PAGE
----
Unfortunately, we don't know much about the financials anymore since the company "went dark" in April 2015,  and there hasn't been any new financial information since.

We know however that theirs is a lumpy business and that two major drivers of performance in 2014 - a municipal contract in Chicago and CARB compliance deadlines in California - are unlikely to repeat. The former b/c the contract was due to complete and the latter b/c of lack of enforcement by the CARB of regulations that require legacy trucks to retrofit with expensive diesel particulate filters as well as resistance from truck drivers against installing retrofit DPF's, fires supposedly caused by DPF's and a lawsuit from the California Alliance for Business against the CARB (and other parties - case # 13CV01232  - in Glenn County Court, CA).

This is where we circle back to VW. When CARB starts to enforce the regulations with costs more onerous than the retrofit investment, then we'll see a change in adoption. But so far they haven't and California distributors of DPF filters and their suppliers are suffering.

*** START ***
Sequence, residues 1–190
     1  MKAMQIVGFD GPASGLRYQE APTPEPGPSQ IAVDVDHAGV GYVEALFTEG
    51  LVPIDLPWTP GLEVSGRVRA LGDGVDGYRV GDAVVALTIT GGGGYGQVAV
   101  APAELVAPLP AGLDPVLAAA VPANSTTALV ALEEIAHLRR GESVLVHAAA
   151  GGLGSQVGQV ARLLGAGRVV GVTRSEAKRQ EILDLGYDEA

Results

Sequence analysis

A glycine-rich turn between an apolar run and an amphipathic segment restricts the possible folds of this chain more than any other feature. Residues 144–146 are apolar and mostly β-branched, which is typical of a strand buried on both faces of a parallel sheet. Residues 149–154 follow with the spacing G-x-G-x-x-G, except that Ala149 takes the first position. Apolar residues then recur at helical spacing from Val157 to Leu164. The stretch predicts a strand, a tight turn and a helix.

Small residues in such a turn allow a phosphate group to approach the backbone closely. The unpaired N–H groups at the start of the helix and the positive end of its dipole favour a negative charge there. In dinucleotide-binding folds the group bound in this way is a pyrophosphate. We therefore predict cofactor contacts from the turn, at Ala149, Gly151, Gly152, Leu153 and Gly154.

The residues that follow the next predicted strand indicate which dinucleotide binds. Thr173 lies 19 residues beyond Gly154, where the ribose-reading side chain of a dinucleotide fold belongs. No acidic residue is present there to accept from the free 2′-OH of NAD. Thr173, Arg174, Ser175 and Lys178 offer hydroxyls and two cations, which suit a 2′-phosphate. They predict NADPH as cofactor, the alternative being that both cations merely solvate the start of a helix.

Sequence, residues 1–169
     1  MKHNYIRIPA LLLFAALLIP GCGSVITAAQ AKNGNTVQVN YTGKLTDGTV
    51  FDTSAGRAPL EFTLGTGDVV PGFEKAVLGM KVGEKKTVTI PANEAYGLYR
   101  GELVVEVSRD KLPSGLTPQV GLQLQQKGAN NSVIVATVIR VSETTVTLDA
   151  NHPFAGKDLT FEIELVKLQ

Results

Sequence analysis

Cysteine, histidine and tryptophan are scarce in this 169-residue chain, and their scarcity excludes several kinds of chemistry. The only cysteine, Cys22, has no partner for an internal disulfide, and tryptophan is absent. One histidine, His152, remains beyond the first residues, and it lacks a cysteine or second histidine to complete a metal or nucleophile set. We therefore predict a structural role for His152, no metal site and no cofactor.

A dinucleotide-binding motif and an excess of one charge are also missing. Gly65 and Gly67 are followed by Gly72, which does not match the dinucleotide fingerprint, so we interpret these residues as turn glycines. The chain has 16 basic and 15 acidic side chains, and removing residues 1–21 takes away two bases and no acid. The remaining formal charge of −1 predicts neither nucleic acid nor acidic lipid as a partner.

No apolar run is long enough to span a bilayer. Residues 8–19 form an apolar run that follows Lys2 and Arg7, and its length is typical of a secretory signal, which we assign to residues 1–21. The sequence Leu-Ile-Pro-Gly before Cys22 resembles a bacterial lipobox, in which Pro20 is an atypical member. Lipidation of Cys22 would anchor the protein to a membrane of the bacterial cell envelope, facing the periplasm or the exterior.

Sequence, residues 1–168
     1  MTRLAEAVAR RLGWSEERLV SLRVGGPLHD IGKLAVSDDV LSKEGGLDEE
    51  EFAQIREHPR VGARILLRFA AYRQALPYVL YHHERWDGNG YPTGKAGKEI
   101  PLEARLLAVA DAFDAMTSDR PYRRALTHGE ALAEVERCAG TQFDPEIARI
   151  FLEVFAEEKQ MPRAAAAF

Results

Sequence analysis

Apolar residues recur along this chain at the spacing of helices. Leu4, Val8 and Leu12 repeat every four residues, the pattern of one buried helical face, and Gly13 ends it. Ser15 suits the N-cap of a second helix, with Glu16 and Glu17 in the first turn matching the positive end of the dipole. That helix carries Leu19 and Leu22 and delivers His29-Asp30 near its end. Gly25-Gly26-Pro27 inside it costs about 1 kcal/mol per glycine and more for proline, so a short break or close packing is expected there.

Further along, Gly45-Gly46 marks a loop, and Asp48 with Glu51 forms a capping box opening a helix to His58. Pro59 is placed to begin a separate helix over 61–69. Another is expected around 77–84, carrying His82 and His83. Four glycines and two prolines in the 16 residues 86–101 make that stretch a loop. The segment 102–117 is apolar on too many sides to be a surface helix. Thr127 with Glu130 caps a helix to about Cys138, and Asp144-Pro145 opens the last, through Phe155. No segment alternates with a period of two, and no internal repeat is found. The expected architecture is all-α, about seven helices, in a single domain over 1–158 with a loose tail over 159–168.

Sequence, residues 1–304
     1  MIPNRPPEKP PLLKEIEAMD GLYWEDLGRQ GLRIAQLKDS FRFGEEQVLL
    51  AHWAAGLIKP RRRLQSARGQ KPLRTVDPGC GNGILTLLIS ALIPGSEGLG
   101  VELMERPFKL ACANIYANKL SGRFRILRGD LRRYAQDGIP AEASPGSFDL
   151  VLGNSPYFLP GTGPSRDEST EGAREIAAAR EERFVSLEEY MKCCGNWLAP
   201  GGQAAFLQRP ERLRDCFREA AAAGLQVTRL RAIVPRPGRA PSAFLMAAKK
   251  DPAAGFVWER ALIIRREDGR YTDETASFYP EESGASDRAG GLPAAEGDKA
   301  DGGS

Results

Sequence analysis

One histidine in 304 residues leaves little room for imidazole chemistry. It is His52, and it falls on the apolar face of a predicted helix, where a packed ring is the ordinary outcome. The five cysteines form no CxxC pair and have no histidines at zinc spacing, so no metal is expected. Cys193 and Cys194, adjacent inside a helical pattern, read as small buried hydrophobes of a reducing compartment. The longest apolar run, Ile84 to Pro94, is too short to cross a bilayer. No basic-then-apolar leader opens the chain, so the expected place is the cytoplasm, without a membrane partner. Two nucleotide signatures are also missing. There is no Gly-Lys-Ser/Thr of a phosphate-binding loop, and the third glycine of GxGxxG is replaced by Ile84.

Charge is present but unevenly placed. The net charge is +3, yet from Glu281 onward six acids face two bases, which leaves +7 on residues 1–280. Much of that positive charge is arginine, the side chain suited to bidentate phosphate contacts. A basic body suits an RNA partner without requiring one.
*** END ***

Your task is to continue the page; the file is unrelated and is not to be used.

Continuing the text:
It's hard to be sure whether or not the groups opposed to CARB are gadflies, wackadoodle freedom fighters or have a legitimate claim, but they fight with an unusual zealotry and with a good social media presence, so that can't be overlooked. We're also in an environment where the regulations seem to fall heaviest on the smaller independent businesses who tend to be a sympathetic group even if they are rolling coal.

But as crazy as this fight appears, I'd be surprised to see environmental regulations rolled back. And by the way, there are a lot of these DPF's on the road, in all kinds of diesel cars and trucks, so there's a wide opportunity around testing, cleaning, OEM supplies, aftermarket replacements, etc. This is a wide space they can play.

Now that the company seems to have someone who can anticipate and manage the market and not just a financial and operating guru who got the ship on an even keel, then it seems like the business could be set up for a bright future even if 2015 is a down year.